Most parents will say they want to raise a child who is intelligent, honest, kind, hard-working and independent. Topping that list is responsible. A Pew Research study found that 93% of parents want their children to be responsible. To encourage that quality, social and environmental responsibility must be taught. Without conscious awareness of one's habits, behavior becomes irresponsible. No age is too young to educate and empower children about our environment. In fact, the earlier, the better.
How do we start this conversation? Begin with the truth. Sugar coating minimizes the credit we give to children. Below is a guide to help you start these conversations.
1. Recycling is a temporary solution.
Most "recycling" is repurposing an item or "downcyling." For example, a water bottle is melted down and made into carpet or clothing creating an open-looped system. Eventually, this item will wind up in the trash. Recycling in the true sense of the word means converting that object into one of the same. An aluminum can is melted down and made into another aluminum can. In an ideal world, all products would be recycled using this close-looped system.
Not all recycling facilities have the capacity to recycle every type of plastic. Plastic bags, for example, jam up equipment and therefore will not be recycled if placed in your curbside collection bin. These must be taken to places that recycle bags separately. Most grocery stores have specifically designated bins for plastic bags.
The numbers inside the triangle on products are simply a coding system to help determine the type of resin. Many people confuse this triangle with the recycle symbol and assume that the product will be recycled. The best way to determine what is recyclable is to contact your local trash company and ask them specifically what their facility recycles.
2. Plastics do not biodegrade.
Plastic photodegrades, which means it breaks down into smaller and smaller particles called nurdles. Nurdles never fully go away. In the ocean, animals ingest these particles, mistaking them for food. Sea life become poisoned or form obstructions leading to their death. Plastics are around for a very, very long time. Besides contributing to our over populated landfills they release toxic chemicals which could wreak havoc over the long term. Bisphenol A (BPA) has been shown to interfere with the reproductive systems of animals, while styrene monomer is a suspected carcinogen.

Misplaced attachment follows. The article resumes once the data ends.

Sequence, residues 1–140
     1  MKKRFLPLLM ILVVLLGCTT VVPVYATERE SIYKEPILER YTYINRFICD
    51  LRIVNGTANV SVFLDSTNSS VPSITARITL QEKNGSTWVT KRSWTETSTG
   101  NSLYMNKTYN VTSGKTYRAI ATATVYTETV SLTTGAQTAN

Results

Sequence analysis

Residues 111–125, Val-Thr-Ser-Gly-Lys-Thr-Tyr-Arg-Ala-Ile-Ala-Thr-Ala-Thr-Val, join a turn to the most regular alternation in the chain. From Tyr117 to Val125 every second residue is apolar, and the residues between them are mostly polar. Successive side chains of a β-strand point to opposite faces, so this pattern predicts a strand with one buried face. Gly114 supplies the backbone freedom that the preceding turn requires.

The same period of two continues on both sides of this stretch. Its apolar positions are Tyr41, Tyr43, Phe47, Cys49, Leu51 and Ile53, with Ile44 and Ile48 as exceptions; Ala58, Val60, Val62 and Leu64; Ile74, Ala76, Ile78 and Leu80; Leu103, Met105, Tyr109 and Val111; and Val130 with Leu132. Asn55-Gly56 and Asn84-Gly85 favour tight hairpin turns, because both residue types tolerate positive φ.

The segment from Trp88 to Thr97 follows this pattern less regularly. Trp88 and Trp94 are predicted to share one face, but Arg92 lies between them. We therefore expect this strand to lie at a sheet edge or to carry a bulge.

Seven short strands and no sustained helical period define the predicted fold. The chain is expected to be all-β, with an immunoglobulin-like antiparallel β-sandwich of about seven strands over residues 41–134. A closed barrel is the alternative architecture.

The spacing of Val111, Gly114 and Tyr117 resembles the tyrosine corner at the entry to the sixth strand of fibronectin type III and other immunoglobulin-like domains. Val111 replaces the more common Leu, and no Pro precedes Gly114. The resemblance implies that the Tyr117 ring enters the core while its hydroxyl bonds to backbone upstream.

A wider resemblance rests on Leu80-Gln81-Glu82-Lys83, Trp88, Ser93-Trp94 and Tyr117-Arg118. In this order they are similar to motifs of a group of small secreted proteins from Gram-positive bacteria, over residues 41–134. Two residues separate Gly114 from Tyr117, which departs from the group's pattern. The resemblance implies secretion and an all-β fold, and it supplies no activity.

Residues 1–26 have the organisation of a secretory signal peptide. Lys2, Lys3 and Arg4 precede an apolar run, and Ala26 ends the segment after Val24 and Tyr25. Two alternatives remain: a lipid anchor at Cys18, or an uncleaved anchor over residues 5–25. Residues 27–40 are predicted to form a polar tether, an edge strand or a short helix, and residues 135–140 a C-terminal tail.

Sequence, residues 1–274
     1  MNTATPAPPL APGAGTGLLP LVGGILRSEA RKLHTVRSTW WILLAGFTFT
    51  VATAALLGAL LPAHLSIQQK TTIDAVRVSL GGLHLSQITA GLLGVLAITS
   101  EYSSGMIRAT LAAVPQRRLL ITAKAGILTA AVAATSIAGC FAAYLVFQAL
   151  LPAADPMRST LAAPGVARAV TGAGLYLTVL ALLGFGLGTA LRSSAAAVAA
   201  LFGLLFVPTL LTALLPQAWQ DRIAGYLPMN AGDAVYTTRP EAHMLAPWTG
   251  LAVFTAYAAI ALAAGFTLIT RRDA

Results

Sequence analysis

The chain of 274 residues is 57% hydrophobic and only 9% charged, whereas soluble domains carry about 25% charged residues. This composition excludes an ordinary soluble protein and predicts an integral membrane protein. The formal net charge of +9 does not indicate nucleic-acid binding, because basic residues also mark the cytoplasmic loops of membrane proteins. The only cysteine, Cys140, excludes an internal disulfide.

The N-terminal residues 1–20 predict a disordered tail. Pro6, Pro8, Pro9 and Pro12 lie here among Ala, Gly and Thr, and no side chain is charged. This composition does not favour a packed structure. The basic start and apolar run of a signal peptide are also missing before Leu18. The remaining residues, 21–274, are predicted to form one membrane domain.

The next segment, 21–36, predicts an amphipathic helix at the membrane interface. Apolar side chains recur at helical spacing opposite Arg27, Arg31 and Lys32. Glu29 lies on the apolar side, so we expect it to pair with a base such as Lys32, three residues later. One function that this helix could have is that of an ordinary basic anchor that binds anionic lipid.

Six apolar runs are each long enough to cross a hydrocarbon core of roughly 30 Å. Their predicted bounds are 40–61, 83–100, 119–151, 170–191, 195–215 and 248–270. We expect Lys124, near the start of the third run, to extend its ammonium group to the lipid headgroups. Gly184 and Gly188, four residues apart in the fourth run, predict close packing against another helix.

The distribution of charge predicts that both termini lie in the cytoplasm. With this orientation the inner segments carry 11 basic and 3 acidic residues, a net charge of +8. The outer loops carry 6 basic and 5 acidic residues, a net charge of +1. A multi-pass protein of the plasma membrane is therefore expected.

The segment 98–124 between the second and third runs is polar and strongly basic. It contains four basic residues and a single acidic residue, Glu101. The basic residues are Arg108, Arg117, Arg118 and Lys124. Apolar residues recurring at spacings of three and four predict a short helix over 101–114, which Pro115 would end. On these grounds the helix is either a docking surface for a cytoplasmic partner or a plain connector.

Show children exactly what happens to plastic in the ocean. Google "albatross" and you will see many images of these birds cut open with plastic particles in their stomachs. We don't think twice about showing a violent cartoon or letting kids play with toy swords, but parents often resist showing a picture of a dead sea animal because it is too upsetting. Children should get upset. Through this displeasure, change occurs.
3. Most forests are not destroyed for wood items such as houses and paper.
Children know that paper comes from trees. They even know they should not waste or should recycle paper to "save" trees. What they don't know is the vast majority of forest destruction occurs due to farming. The United Nations estates that over 100,00 acres of rainforest are lost each day. At this rate, the remaining rainforests could be gone in the next 40 years. The destruction of these forest releases CO2 into the atmosphere. Additionally, the methane produced from large animals like cattle contribute even further to pollution. Which brings us to the next point.
4. The majority of CO2 occurs from human lifestyle.
Carbon dioxide is a greenhouse gas that is primarily responsible for global warming.
CO2 acts like a blanket, trapping heat in our atmosphere causing the earth's temperatures to increase. This is not a new phenomenon. However, since the Industrial Revolution these temperature increases are occurring at an alarming rate. This current warming trend is not natural.
While the United States represents 4% of the population, we produce 25% of CO2 pollution, more than any other country. Human activities, from transportation to the foods we eat, have caused this warming at an unprecedented rate. The impact is seen from extreme weather patterns, to health concerns, to ocean and animal life. In the next 25 years, the Arctic ice may cease to exist. Lifestyle habits must change to slow down this process.
5. They can make a difference.
With all this doom and gloom, it's important for children to realize they can create change. Even small changes can have a huge effect on the environment. Packing a trash-free lunch will save each student $250 and reduce 67 pounds of waste going into landfills. Children are little sponges absorbing information and eagerly wanting to make positive contributions. Empower them with the truth. Be honest, have these brutal discussions and see where their brilliant minds take them.
As we approach Earth Day, take a moment to read a book, go on a nature walk or create a picture to explain about our environment. Give children the knowledge to make daily changes that will have a lasting impact.
Dawn Wynne is a best-selling children's author, award-winning teacher, and certified health coach. Combing her love for the environment, passion for nutrition, and teaching talents she works with children and families to help them make healthy lifestyle choices. For information on her books visit her at www.dawnwynne.com.